This week Margaret Carlson and Ramesh Ponnuru are talking about forgiveness and redemption in the Republican Party -- and in the Democratic Party, too, as it turns out.

Ramesh: You ask, Margaret, what I think of Sarah Palin’s upcoming CPAC speech. I suspect, like you, that it will get the crowd cheering: The lady can deliver a speech, particularly one for the conservative faithful. Other conservative media figures with a mass following will also get applause.

Palin has decided she wants to be grouped with the Sean Hannitys and Ann Coulters of the world, not with the John Kasichs and Marco Rubios, and I am not going to second-guess her about the best use of her talents. The dilemma she now faces is that interest in her as a media figure has been dependent on the possibility that she has a political future. Her endorsements have been pretty savvy as a matter of picking primary winners, but I suspect that their effectiveness has peaked.

I commented earlier, with the likes of former governors Mark Sanford and Eliot Spitzer in mind, that disgraced politicians no longer just slink away from public view. There is an exception, though, and it’s when the only way to see them is through a window in a jail.

That may be the fate waiting for former Representative Jesse Jackson Jr. He has pled guilty to fraud for using campaign money to buy, well, a lot of things: a Rolex watch, Michael Jackson and Bruce Lee memorabilia, cashmere capes.

I can’t find it in my heart to be too tough on Jackson. It can’t be easy growing up with a charismatic, famous political father: So many children of politicians seem to be screwed up in some way. More important, a lot of Jackson’s misconduct seems clearly connected to his bipolar disorder. (One of the doctors in my family called that diagnosis as soon as he took his medical leave of absence from the House last June for “exhaustion.” Apparently it’s a common code.)

I may not have been merciful enough for you when it comes to Sanford, Margaret, but I’m hoping that Jackson gets more help rather than jail time. Feel free to call me soft on crime.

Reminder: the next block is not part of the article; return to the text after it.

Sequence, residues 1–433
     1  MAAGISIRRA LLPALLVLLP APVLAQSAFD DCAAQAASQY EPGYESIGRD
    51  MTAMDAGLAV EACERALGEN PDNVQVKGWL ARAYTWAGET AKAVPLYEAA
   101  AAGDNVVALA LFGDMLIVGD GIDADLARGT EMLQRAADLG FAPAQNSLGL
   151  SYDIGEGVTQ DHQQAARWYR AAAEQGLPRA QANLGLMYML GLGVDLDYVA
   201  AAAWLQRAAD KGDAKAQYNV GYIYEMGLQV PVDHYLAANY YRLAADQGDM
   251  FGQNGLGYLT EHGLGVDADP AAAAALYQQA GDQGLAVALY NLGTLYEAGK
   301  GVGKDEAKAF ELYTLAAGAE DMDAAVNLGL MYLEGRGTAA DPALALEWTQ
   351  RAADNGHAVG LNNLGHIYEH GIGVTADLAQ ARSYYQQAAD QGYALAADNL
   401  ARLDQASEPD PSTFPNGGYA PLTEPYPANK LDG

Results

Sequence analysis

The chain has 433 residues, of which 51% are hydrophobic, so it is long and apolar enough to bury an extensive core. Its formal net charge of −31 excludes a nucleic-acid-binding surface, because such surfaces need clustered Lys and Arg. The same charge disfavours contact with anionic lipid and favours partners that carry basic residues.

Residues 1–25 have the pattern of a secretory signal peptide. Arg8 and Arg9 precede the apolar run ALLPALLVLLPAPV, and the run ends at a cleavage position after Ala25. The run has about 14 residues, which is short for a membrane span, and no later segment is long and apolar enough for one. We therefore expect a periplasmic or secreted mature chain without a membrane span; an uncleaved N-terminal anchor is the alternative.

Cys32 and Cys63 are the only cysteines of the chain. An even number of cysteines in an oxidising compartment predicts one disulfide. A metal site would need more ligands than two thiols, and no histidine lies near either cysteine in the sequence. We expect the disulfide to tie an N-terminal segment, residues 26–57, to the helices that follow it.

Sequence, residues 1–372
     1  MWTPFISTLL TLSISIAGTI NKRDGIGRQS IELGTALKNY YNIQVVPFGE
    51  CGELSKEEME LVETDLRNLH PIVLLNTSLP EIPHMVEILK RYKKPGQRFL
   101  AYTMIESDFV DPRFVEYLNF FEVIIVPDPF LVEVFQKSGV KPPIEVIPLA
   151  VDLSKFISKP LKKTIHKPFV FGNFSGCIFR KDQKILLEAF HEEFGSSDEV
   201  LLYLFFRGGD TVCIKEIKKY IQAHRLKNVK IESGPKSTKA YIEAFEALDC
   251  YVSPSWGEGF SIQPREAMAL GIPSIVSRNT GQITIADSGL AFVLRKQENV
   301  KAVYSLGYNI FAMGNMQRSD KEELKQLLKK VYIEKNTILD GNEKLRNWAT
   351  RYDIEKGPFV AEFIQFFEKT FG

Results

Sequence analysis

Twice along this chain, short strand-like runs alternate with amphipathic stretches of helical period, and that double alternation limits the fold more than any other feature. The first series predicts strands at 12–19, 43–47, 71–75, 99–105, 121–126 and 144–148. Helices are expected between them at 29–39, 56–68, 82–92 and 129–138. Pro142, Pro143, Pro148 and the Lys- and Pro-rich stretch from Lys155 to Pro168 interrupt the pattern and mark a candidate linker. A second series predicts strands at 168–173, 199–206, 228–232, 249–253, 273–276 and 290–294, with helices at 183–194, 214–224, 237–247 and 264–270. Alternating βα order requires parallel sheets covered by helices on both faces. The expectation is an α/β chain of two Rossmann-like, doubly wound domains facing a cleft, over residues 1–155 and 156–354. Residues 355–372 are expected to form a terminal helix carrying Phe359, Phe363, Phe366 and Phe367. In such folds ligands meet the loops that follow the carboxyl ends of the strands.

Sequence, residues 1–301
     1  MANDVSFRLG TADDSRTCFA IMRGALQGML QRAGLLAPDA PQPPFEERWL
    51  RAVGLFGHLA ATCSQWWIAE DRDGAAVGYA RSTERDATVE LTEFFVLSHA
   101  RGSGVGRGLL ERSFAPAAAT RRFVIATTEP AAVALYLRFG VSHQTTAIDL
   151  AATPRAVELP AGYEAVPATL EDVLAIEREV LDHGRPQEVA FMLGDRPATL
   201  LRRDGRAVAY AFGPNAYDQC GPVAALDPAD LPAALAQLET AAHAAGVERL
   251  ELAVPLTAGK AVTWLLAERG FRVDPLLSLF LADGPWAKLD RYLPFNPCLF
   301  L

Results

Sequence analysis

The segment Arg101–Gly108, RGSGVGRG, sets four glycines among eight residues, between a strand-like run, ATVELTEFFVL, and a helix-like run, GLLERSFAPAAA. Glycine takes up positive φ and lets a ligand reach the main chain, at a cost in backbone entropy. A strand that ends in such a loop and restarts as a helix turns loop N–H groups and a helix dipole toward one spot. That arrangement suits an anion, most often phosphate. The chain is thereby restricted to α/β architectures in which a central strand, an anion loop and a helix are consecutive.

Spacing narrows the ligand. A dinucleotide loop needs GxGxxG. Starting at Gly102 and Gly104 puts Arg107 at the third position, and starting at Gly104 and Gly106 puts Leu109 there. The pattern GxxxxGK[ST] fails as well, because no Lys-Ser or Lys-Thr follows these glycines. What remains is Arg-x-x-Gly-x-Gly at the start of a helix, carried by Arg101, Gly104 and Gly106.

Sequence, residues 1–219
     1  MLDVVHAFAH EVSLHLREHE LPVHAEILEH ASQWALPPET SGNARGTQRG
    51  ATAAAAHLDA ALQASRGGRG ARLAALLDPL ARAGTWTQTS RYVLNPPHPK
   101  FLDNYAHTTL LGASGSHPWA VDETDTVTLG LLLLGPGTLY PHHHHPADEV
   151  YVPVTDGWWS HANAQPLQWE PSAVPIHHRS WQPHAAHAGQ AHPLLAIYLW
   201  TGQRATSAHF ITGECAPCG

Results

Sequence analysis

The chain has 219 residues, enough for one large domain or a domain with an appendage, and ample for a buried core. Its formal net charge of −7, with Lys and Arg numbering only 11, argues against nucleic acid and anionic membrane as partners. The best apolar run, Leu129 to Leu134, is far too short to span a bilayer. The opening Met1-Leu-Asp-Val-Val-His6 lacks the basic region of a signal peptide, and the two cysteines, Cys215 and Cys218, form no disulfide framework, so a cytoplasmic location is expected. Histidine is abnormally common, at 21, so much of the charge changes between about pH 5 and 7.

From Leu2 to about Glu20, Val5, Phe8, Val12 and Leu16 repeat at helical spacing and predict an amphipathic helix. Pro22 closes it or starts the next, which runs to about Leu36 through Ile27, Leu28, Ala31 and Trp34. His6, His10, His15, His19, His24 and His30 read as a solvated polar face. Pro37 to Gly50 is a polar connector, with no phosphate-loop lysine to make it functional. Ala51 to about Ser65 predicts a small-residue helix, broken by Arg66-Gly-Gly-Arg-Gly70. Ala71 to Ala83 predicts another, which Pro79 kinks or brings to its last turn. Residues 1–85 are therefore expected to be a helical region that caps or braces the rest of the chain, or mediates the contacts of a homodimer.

(Ramesh Ponnuru is a Bloomberg View columnist. Follow him on Twitter.)

Margaret: Among the seven deadly sins, I'm more forgiving of lust than greed. Greed is almost always premeditated. Lust, not so much.

You are too young, Ramesh, to remember the Dean Martin song my mother used to play, "When the moon hits your eye like a big pizza pie, that's amore."

I'm not a romantic. But I don't accept that there should be one character test -- sexual restraint -- that we enforce the most. Mark Sanford had the bad luck to fall in love with someone not his wife. No ambitious politician would plan such a thing. On the other hand, it took a lot of malice aforethought to run up almost $15,000 in dry cleaning bills, as Jesse Jackson Jr. did -- in my whole life, I haven't spent that much -- and charge it to his campaign.

I give Jackson some room for the famous father and "exhaustion." But what about his wife, known as "Co-Conspirator 1," with the furs and cashmere? Maybe this is marriage, Chicago-style. Remember how the wife of former Illinois Governor Rod Blagojevich seemed to be just as crude as he was?

Oh, and regarding Sarah Palin: My surprise at her re-emergence has faded to boredom, which is how most people feel, according to polls. She has gone from It girl to an ex-Fox reality star. Fox doesn't fire people who can still get ratings.

Still, I bet she gets the largest ovation of the conference. I realized that CPAC attendees are celebrity-prone in 2011, when they went wild over Donald Trump, creating a monster Mitt Romney had to bring inside his tent in 2012.

At any rate, I don’t think CPAC wants us journalists attending anymore. It always met just a few subway stops from downtown at a Washington hotel. Now it's a long car ride away in National Harbor, Maryland. OK, CPAC. I can take a hint.

(Margaret Carlson is a Bloomberg View columnist. Follow her on Twitter.)

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